This makes it imperative that the next wave of IT solutions flow effortlessly across the hybrid cloud, from cloud service to datacenter applications and back. Whether it’s a managed service or an on-premises deployment, these workloads should be just that - workloads - that CIOs as cloud operators can run wherever, whenever and however they need to.
For CIOs that maintain traditional datacenters (and that’s nearly all of them), the notion of the datacenter is also expanding horizontally. While it’s no longer unusual to scale workloads and environments to the public cloud, the demands of modern applications and end users aren’t fully answered by centralized processing and analytics. The rise of edge computing comes hand in hand with 5G in telecommunications, artificial intelligence (AI), augmented reality, vehicles as datacenters and more, driving compute resources to the furthest edges of enterprise networks.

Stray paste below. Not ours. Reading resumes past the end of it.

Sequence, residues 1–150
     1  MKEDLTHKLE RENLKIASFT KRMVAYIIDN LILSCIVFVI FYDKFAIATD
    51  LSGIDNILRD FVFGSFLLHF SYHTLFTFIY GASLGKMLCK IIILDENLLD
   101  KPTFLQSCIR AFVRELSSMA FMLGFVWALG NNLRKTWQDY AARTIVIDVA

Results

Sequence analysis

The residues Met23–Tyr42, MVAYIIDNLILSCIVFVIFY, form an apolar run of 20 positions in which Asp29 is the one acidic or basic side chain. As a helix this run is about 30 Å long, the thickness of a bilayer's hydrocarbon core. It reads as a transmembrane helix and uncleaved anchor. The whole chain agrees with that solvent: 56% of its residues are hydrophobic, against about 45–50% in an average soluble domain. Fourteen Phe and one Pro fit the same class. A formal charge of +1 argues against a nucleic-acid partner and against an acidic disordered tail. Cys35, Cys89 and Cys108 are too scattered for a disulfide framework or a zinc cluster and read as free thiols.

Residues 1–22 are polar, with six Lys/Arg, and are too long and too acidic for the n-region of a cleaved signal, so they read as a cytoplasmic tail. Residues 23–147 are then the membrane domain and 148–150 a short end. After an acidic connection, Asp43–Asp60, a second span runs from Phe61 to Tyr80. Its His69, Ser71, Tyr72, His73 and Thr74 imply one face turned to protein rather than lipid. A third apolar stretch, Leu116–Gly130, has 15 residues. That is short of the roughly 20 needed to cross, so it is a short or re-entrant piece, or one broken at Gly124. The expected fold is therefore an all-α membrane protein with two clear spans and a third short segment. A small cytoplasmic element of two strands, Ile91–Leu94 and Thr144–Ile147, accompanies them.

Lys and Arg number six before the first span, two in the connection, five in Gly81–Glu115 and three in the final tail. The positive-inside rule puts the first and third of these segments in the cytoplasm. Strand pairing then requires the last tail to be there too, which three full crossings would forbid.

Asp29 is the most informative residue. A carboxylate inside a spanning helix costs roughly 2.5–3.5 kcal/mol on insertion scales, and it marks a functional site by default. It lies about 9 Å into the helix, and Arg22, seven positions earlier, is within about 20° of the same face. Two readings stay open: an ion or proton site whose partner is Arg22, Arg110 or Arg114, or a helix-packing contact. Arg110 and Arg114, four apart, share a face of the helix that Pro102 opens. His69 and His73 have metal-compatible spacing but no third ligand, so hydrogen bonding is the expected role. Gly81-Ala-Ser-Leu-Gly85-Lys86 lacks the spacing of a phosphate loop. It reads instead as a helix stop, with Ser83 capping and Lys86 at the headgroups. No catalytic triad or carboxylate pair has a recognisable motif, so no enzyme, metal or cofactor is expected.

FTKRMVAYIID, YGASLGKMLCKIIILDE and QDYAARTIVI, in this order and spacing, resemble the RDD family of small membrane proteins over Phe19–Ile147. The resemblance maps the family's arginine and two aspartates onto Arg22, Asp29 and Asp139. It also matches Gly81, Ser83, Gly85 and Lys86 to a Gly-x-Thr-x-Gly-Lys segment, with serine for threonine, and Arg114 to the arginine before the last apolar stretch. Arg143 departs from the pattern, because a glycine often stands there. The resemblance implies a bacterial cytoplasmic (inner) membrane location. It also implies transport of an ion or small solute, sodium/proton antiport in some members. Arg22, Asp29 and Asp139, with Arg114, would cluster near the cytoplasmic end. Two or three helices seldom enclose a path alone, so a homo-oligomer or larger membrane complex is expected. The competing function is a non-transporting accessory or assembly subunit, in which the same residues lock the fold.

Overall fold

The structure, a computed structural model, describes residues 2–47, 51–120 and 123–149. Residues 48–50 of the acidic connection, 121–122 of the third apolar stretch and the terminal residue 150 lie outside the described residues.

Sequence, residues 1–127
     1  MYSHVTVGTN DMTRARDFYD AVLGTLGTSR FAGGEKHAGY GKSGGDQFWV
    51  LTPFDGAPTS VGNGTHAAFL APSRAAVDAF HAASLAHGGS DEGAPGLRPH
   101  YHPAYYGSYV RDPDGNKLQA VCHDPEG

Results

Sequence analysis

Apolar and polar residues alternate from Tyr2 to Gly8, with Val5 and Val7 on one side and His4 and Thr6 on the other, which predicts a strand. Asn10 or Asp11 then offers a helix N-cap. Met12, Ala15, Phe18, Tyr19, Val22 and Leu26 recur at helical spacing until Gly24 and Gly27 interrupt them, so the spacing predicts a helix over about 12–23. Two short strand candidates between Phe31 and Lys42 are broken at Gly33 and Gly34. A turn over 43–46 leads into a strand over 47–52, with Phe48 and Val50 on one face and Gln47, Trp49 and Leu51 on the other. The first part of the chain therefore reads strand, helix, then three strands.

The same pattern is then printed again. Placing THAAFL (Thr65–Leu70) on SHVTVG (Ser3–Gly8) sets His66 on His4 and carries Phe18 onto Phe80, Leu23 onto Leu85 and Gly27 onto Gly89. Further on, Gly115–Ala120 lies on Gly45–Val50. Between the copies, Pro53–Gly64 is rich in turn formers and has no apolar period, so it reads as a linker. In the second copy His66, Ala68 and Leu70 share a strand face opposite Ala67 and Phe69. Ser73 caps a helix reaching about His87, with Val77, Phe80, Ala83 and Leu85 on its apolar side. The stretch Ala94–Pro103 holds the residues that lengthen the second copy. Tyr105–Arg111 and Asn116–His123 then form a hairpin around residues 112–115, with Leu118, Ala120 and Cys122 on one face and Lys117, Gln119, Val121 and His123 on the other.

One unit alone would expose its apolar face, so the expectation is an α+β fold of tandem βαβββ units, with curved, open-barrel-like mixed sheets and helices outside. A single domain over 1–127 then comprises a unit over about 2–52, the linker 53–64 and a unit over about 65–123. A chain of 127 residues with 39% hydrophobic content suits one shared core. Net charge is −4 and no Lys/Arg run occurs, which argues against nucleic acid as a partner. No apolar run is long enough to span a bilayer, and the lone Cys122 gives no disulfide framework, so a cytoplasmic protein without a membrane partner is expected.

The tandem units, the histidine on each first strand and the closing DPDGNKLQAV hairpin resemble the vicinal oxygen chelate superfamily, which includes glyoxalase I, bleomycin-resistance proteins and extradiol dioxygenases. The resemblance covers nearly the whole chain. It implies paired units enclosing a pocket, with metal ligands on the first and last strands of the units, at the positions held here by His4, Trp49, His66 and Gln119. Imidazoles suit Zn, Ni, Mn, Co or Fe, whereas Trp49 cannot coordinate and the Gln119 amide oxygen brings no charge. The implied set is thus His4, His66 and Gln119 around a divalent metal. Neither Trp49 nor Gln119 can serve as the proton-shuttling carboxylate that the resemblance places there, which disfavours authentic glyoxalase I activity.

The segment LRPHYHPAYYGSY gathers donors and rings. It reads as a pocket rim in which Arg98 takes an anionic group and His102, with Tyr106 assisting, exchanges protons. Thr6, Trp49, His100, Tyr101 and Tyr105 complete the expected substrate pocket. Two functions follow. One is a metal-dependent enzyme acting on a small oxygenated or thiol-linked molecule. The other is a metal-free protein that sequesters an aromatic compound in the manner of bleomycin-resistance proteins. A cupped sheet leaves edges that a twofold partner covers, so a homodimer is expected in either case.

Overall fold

I’ve talked before about the two key delineating factors I see in edge computing:
It simply does not exist without the hybrid cloud.
The foundation of edge computing must be open or it will fail.
Cloud environments, datacenters and edge devices are all incredibly different footprints, each with unique needs around management, security networking and more. Cloud operators need a common foundation to span these diverse environments, just as they did to connect different cloud deployments, virtualized environments and hardware stacks. That common foundation was, is and will always be Linux and Linux containers.
For cloud operators, Linux provides the linkage between each footprint of the open hybrid cloud, including edge. Being able to move workloads from the edge to the datacenter to the public cloud without having to completely change each application is vital and made possible only through the open standards of the Linux kernel. Linux underpins the hybrid cloud, and it’s also the foundation of the furthest edge of enterprise IT.
Being a cloud operator, however, is about more than adopting and integrating new core technologies. It’s about understanding what’s needed above and beyond these technologies to further expand your cloud operations at scale, as well as gaining the skills internally to fully build, manage, maintain and secure these expanded environments.